Last year, Jeffrey Tibbetts looked up at the moon and saw something he had never seen before: despite its being a crescent moon, most of it covered in the Earth’s shadow, the entire circumference was visible to him. “Oh god, it was really cool,” recalls Tibbetts, who cofounded the independent research organization Science for the Masses. Night after night, he could see all of the moon, regardless of what phase it was in. His daytime vision had also changed: sunrises were especially spectacular, almost neon in their brilliance. He attributes these new qualities to a crowdfunded research project he was leading (and participating in) to expand humans’ visual range into the infrared.
For three months, Tibbetts and the other participants had gone on a diet deficient in vitamin A1, or retinol, which...
Tibbets and his collaborators recorded retinal activity in response to various wavelengths of light and found that after taking the dehydroretinol for a few days (and forcing the body to use it as a substitute for retinal), people’s eyes started to react to wavelengths of light longer than 850 nm (the typical limit of the visual spectrum is 720 nm). Tibbetts says his overall night vision got better, and he could see through the one-way privacy glass on storefronts. Although sensorially delightful, the experience came at a cost; participants lost their appetites, and Tibbetts says he developed an impairment in discriminating between blues and greens.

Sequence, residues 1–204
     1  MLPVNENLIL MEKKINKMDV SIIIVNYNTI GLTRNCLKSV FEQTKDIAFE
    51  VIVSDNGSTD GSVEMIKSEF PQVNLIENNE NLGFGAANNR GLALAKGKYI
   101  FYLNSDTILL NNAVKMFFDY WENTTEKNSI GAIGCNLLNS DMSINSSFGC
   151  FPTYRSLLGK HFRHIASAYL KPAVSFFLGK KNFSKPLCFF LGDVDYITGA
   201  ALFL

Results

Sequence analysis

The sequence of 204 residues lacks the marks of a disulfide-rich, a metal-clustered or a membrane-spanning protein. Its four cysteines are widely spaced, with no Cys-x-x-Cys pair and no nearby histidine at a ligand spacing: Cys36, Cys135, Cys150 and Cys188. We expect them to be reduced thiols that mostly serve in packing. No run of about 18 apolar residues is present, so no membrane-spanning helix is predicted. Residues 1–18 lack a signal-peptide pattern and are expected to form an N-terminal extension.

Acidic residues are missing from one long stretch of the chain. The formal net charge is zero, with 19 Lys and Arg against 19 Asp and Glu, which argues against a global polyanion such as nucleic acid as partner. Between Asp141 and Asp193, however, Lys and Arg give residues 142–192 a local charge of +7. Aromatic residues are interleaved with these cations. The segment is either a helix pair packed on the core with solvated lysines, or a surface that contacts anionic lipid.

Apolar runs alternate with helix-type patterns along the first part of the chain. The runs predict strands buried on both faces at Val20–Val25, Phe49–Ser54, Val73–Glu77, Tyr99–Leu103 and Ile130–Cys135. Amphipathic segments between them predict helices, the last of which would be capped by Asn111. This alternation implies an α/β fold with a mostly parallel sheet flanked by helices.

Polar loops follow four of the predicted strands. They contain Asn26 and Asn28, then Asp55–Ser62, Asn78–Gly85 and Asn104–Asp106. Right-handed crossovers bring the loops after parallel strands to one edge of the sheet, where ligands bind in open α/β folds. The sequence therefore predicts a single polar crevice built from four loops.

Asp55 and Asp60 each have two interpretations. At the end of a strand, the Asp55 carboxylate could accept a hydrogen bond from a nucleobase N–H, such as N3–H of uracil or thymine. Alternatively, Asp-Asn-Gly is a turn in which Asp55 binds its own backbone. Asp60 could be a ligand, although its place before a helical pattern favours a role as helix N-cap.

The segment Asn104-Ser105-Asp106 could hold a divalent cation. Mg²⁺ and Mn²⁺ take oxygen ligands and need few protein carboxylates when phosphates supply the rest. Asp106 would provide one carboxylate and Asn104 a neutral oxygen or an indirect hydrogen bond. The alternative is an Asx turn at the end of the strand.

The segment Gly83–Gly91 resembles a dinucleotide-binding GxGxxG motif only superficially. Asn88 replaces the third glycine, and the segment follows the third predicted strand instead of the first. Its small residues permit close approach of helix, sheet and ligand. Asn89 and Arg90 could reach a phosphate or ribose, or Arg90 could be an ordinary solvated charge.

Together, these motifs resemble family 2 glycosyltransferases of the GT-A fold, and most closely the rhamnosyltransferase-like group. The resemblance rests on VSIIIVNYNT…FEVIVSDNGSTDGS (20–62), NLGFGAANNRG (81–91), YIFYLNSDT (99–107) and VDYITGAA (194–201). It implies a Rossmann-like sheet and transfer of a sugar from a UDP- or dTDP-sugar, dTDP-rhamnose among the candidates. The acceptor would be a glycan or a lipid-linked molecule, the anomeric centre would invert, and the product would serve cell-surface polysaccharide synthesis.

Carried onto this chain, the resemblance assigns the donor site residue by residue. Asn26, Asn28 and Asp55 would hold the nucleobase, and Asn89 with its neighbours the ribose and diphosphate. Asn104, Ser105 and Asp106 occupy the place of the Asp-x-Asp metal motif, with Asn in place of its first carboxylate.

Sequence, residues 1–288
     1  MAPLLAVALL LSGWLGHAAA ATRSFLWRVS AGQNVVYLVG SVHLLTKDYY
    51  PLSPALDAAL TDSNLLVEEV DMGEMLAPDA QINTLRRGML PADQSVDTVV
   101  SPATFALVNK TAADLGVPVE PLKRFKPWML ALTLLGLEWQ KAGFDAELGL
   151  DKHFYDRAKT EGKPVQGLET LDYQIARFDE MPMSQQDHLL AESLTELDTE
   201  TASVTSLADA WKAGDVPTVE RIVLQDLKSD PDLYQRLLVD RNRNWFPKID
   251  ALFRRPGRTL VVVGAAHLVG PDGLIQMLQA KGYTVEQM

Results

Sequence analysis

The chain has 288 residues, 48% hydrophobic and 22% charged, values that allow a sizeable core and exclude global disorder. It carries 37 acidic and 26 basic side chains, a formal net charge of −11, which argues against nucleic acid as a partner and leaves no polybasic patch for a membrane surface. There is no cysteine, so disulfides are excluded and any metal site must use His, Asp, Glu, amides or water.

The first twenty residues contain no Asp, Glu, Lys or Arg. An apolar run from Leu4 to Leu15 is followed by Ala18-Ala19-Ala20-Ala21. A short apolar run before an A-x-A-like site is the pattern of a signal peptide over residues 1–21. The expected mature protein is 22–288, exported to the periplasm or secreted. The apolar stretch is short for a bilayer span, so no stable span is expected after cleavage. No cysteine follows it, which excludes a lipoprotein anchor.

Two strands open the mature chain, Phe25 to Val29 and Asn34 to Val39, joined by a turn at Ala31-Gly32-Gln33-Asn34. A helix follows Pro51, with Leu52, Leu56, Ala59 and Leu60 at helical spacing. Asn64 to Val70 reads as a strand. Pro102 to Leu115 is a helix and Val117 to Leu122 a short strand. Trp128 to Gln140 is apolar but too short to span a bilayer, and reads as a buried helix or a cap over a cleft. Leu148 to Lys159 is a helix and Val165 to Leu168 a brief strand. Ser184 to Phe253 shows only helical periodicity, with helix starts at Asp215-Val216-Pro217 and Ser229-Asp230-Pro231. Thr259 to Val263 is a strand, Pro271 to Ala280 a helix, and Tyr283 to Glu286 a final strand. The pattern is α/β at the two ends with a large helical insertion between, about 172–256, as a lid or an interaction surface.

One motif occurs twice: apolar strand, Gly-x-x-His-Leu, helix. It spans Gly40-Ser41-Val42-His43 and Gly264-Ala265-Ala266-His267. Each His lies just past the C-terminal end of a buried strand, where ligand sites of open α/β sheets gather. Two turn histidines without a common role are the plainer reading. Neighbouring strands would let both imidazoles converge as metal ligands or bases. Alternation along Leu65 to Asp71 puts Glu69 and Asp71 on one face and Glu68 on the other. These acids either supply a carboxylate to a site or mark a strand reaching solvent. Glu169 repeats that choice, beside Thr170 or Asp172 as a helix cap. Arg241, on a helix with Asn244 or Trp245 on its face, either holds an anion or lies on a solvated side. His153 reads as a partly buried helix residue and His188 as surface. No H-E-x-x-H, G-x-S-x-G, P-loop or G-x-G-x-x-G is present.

From an organic chemistry point of view, this event should not happen. This is nonlinear physics.—Krzysztof Palczewski,
Case Western Reserve University
Though Tibbetts’s experience is certainly unique, the ability to detect infrared light among humans is not. Sporadically in the 20th century, scientists had reported that humans could detect light in the near infrared, hundreds of nanometers beyond the accepted limits of our visual abilities.
The US military even looked into the phenomenon at one point. In the 1970s, David Sliney worked for what was then called the US Army Environmental Hygiene Agency, located at Aberdeen Proving Ground in Maryland. “At the time there was some interest in how easy it was for individuals to see infrared searchlights,” Sliney recalls. He and his colleagues gathered up a bevy of lasers to see if they “could extend the lambda curve”—in other words, expand the visual spectrum.
It was a difficult set of experiments, particularly in trying to isolate specific wavelengths of laser light. But Sliney and his colleagues succeeded in showing that human participants (and they themselves) could detect near-infrared light—which extends from about 700–2,500 nm—as far out as 1,064 nm. At this wavelength, the light appeared green from a 20-nanosecond pulsed laser.
“I was rather convinced it was frequency doubling” that allowed for the detection of such long wavelengths, Sliney says. In frequency doubling, also called second harmonic generation, two photons unite in a crystalline material or in some part of the eye (perhaps the cornea), to produce a light of double the energy and half the wavelength. If this happens with, say, a laser of 1,064 nm, the resulting stimulus to hit the photoreceptors would be a light of 532 nm, which would appear green.